Artists to showcase creations at upcoming Buchanan Art Center exhibits

BUCHANAN — Artwork featuring objects such as broken trees, an old mill’s insides, crows and penguins will be on display from Wednesday, Sept. 25 to Nov. 2 at the Buchanan Art Center, 117 W. Front St. A gallery reception will follow from 2 to 4 p.m. on Sunday, Oct. 6.

The center will host two exhibits by area artists: David Baker’s “Secluded Spaces” in its Roti Roti Gallery, and Northern Indiana Artists’ “Lost and Found” in its Showplace Gallery.

Showcasing local talent is a commonplace at the art center, said executive director Danielle Wilborn.

She said it is beneficial for artists, whether they are showcased or not. On the “big end of things,” she said it shows that an art career is possible. On the local end, it gives them a direct outlet.

“A lot of younger artists, they think they have to go to New York or Chicago to get that experience and culture and exposure,” Wilborn said. “Especially with the internet and the whole global market today, that’s not necessarily true.”

Local community members naturally benefit from an art space near them, too, and many Buchanan residents may find a special connection with some of Baker’s watercolor paintings.

A baker’s dozen of Baker’s works are directly inspired from photoshoots he had at Pears Mill a few blocks away at 302 N. Redbud Trail. Out of 13 mills in the area, the 1857 flour mill is the only one that remains.

“If you have work in a venue where the anticipated audience is familiar with what you’re doing or your subject matter, that’s even more fun,” Baker said.

The St. Joseph resident and recently retired Southwestern Michigan College professor of 36 years took photos from his photoshoot and used them as the basis of his paintings. Many of the displayed works feature the inner workings of the now defunct mill.

“I thought about this dimly-lit place and these forgotten spaces, and I thought about Pears Mill,” Baker said. “I was familiar with the mill, and I loved this sort of cavernous old barn that it was in, including the basement. It seemed like a good pairing.”

Paired with his Pears Mill paintings are seven charcoal drawings created for a previous exhibit titled “Broken,” which was featured at the Box Factory for the Arts in St. Joseph last year.

Each drawing features a broken tree, and each was largely reimagined from the trees of a 115-acre forested campus of Ox-Bow School of Art near Saugatuck, Michigan.

Whereas his mill paintings may invoke a nostalgic or historic understanding through their near-exact representation, Baker said his charcoal paintings are a bit more imaginative, poetic and surreal.

Baker said both charcoal and watercolor drawings may have different subjects, but they are drawn together by their Michigan roots — their quiet, intimate, even reverent moods — and their greyscale approach.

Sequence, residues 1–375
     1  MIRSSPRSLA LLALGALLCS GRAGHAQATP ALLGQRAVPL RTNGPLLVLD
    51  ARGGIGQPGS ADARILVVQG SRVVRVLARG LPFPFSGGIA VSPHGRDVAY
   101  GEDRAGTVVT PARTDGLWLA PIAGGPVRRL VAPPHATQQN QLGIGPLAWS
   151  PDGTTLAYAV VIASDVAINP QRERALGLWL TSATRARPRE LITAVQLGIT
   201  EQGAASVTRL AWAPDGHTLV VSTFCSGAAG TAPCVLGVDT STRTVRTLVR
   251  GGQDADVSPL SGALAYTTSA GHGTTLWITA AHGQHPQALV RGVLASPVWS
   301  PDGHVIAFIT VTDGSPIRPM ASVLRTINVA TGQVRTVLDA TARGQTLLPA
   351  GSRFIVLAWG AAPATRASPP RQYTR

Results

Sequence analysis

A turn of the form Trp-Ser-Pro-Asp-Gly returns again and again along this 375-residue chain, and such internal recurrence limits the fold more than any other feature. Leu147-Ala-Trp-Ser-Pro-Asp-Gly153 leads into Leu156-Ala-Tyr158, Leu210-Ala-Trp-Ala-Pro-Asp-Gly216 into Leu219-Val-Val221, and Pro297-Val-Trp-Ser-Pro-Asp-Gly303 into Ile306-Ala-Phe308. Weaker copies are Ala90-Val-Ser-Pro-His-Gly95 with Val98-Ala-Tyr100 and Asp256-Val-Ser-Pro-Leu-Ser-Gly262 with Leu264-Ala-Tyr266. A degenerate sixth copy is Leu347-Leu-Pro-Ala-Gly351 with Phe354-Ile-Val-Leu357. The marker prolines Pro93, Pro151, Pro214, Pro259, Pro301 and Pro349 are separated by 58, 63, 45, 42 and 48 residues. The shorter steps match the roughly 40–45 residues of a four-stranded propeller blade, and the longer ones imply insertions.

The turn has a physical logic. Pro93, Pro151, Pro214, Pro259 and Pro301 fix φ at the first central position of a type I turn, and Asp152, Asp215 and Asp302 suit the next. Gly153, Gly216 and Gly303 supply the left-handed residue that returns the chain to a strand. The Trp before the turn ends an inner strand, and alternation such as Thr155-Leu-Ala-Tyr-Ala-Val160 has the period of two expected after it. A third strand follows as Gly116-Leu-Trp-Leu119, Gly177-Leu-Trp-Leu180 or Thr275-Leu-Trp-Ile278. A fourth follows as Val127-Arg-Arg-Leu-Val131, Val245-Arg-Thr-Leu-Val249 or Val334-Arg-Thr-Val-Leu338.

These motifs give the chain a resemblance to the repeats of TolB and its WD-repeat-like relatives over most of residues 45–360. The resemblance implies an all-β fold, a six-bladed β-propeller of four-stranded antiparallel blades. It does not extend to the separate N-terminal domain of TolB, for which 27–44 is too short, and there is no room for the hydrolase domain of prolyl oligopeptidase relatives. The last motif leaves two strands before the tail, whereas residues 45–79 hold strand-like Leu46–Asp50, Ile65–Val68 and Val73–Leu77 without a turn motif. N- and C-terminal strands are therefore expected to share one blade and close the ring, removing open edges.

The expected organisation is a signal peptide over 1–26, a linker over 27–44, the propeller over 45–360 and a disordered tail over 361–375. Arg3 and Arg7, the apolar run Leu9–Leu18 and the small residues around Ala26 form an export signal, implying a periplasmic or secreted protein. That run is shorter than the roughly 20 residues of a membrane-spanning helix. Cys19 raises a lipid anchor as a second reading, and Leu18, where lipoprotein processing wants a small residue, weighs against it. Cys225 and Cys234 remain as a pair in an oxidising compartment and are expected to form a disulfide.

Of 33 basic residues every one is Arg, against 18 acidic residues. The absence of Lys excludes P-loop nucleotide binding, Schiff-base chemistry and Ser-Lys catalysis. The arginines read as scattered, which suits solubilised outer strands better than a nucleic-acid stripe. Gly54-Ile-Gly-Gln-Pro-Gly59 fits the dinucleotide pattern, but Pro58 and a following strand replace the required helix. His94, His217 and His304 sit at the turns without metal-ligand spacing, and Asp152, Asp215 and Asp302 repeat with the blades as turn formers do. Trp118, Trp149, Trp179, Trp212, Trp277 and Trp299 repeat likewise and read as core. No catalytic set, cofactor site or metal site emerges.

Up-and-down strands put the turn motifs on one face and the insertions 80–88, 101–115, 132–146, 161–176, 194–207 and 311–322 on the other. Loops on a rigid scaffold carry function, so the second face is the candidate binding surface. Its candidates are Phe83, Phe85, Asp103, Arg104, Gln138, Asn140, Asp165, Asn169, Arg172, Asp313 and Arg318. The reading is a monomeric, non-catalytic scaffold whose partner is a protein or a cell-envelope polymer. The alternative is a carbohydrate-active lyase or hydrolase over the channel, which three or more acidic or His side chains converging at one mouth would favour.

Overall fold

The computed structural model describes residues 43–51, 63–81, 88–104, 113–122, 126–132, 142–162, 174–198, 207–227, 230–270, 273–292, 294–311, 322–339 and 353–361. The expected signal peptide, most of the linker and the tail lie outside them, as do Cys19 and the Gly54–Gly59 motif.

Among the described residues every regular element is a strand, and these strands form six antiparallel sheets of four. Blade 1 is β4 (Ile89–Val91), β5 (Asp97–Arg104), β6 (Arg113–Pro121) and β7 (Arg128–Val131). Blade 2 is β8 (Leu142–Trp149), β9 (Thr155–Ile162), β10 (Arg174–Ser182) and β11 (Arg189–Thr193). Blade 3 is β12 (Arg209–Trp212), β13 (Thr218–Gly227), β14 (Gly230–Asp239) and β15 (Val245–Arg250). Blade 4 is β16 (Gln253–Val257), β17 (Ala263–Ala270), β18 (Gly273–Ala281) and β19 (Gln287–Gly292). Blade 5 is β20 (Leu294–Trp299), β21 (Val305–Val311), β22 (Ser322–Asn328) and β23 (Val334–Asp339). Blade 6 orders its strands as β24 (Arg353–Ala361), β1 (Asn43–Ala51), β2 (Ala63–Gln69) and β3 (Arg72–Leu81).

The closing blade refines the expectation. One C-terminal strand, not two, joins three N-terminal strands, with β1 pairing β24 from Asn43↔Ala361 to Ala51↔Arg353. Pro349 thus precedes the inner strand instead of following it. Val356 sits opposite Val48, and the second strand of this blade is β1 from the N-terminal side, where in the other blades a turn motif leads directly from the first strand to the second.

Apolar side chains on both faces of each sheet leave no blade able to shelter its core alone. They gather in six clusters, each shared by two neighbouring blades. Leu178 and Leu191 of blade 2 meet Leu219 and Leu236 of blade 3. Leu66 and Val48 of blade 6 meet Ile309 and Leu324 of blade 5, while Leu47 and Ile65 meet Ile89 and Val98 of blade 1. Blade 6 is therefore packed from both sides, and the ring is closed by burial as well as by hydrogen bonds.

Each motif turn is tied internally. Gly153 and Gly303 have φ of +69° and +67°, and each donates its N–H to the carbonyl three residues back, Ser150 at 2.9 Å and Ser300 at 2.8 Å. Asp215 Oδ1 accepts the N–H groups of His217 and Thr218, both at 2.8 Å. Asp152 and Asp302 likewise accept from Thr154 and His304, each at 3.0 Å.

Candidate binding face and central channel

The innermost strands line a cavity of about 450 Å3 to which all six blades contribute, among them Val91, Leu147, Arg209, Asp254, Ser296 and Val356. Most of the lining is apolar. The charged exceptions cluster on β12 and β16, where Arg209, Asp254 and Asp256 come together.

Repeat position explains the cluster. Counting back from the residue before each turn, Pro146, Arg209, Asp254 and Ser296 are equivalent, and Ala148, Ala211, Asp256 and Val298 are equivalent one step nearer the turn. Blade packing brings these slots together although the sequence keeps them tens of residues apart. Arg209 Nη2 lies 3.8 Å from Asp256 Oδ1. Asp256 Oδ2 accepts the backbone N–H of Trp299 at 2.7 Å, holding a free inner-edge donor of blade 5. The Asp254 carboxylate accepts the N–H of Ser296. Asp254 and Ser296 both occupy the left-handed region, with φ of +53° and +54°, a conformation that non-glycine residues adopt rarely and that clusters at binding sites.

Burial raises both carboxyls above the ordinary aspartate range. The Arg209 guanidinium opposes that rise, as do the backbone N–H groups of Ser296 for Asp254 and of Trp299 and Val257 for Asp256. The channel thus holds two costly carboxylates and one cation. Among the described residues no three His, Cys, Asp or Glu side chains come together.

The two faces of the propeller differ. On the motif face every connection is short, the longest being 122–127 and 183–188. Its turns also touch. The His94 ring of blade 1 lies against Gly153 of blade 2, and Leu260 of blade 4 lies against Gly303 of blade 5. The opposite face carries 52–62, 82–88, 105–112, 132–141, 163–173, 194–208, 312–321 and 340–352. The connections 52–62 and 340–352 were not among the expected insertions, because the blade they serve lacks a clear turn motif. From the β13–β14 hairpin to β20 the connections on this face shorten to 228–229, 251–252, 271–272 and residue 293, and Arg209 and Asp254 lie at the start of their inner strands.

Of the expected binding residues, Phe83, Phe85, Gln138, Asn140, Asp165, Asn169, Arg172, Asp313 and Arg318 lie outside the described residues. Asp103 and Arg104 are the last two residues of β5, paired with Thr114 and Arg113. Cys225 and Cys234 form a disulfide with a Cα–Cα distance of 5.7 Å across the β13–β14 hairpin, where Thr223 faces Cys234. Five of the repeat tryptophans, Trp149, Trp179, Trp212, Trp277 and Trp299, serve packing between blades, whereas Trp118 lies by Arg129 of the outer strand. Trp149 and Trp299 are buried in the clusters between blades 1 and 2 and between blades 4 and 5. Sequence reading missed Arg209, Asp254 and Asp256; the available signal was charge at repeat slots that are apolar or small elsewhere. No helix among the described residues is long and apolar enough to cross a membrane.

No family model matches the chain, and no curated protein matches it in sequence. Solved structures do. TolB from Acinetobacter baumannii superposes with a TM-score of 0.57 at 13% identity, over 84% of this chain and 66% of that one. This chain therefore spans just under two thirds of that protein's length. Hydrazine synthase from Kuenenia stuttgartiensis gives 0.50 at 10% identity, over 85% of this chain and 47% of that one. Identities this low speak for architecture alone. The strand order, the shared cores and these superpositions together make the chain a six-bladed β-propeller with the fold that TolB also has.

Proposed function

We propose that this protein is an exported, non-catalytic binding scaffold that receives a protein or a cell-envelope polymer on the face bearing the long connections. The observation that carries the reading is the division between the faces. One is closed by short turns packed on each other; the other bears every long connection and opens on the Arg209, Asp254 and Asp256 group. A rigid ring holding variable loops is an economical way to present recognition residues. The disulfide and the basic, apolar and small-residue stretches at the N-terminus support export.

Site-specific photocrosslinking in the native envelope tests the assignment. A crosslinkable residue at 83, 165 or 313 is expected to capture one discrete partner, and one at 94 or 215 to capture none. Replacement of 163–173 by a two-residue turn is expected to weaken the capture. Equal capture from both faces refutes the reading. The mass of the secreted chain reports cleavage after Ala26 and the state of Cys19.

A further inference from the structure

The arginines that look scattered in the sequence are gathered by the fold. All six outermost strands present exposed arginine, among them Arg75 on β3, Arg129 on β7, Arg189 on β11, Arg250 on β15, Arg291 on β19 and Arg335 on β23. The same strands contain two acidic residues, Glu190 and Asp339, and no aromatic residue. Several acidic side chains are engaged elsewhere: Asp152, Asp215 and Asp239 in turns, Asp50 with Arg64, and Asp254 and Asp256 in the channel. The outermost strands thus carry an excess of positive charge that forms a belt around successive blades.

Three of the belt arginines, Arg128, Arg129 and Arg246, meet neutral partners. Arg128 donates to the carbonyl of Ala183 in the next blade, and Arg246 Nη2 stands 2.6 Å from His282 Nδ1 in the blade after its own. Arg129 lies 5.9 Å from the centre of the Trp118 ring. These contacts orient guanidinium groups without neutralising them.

In the show room next to Baker’s are works created under a theme that matches their exhibit name: “Lost and Found.”

The works within were created by members of Northern Indiana Artists, a group of regional artists that promote contemporary art.

Works based in mediums such as acrylic, oil, pastel, photography, printmaking and watercolor are all shown. Exhibit chair Kimerbly DeNolf said Northern Indiana Artists is different than many other artist groups, which focus on a single or a small set of mediums.

She said that helps create both an engaging exhibit and theme.

“In a solo show, or even a show that has the same medium, you will get a lot of like pieces, or pieces [where] you see a theme,” she said. “Even though this is a theme, you see that the artists have so many interpretations of that theme, and the way they use their medium, they use that in their narrative.”

The meaning of “Lost and Found” was left open-ended, so artists featured made the most of it, DeNolf said.

Some focus on lost. Others focus on found. Some are serious. Others are satirical.

“You walk around, and you look and see how you would put that own narrative into your lost and found theme,” she said. “It’s interesting.”

Viewers will notice that six of the 36 pieces of art have special recognition. That is because they received either a medium award or a juror award from Wilborn.

Wilborn said the juror award winners’ pieces best represented both themes of lost and found, while medium award winners’ pieces best represent one of the two themes. Both awards also take other artistic principles into account.

Both Northern Indiana Artists’ and Baker’s works are available for purchase.

Prospective attendees are able to view the works outside of the reception during the Buchanan Art Center’s regular business hours, 10 a.m. to 5 p.m. Monday to Friday and 10 a.m. to 2 p.m. on Saturday.

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